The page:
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Novelty versus Replicability: Virtues and Vices in the Reward System of Science

Published online by Cambridge University Press:  01 January 2022


The reward system of science is the priority rule. The first scientist making a new discovery is rewarded with prestige, while second runners get little or nothing. Michael Strevens, following Philip Kitcher, defends this reward system, arguing that it incentivizes an efficient division of cognitive labor. I argue that this assessment depends on strong implicit assumptions about the replicability of findings. I question these assumptions on the basis of metascientific evidence and argue that the priority rule systematically discourages replication. My analysis leads us to qualify Kitcher and Strevens’s contention that a priority-based reward system is normatively desirable for science.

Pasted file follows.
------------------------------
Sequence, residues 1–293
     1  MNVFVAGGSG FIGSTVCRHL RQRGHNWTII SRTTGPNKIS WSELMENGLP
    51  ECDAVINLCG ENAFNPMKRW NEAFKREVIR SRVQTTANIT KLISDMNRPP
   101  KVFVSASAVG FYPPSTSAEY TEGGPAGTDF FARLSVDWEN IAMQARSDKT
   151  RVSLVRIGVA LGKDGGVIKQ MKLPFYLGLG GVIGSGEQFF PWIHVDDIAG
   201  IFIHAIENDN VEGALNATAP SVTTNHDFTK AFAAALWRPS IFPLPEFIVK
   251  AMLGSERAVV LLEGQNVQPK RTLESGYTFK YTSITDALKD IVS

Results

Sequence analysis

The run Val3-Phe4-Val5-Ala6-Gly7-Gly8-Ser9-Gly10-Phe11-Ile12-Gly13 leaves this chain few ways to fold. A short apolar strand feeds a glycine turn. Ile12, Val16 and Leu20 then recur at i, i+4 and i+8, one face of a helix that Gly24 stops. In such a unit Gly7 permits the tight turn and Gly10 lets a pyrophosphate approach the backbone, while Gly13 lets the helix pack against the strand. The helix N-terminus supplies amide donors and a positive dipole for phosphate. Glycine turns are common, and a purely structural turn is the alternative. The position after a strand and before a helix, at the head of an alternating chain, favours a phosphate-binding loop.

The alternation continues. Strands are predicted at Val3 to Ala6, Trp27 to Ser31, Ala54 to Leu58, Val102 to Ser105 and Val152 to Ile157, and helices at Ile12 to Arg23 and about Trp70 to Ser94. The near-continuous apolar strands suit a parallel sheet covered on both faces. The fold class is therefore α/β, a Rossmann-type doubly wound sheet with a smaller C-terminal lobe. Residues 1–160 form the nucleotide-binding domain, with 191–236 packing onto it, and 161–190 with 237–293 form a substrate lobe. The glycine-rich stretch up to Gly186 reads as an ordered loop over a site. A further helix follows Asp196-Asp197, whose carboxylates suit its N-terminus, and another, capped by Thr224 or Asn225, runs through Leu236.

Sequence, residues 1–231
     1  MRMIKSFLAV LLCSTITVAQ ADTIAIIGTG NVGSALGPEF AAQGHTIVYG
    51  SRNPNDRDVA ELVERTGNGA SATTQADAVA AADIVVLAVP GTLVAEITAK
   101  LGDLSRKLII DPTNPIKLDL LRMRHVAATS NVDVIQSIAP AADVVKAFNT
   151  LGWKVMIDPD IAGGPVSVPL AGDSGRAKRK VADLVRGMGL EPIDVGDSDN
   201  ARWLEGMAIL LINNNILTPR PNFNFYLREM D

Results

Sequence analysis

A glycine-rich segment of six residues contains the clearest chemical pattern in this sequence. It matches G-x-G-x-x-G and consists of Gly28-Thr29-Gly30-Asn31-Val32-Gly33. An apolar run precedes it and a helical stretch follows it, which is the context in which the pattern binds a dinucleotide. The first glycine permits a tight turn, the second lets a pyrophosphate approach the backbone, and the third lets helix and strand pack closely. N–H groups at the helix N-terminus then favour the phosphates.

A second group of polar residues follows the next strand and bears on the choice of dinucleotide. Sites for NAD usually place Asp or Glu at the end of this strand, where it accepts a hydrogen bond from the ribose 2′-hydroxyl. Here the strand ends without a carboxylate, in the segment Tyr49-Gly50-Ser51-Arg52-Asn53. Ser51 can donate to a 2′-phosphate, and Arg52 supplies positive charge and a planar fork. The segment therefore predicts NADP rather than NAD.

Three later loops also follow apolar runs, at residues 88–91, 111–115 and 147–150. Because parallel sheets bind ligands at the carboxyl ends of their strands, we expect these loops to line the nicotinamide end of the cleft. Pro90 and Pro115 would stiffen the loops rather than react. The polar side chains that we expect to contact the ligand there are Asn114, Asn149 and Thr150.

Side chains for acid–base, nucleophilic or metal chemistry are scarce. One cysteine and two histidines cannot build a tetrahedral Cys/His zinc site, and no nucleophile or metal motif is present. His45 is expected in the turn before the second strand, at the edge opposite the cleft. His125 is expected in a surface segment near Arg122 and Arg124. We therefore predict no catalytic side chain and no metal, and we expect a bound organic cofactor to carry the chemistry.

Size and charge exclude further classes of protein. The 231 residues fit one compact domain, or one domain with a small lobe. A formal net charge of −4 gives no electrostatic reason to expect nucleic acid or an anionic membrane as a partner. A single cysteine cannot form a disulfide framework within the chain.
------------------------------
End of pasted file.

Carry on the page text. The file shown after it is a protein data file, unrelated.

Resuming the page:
Values in Science
Copyright © The Philosophy of Science Association

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I am grateful to Carl Craver, Frederick Eberhardt, Barton Moffatt, Anya Plutynski, Mark Povich, Jan Sprenger, and Roy Sorensen for comments on previous drafts. I also thank Teresa Ai, Thomas Boyer-Kassem, Matteo Colombo, John Doris, Julia Staffel, and Michael Strevens for helpful discussion. Previous versions of this work were presented at the American Philosophical Association Pacific Division meeting, San Francisco, April 2016, and the Philosophy of Science Association Biennial Meeting, Atlanta, November 2016. This research was partially supported by ERC grant 640638, “Making Scientific Inferences More Objective.”


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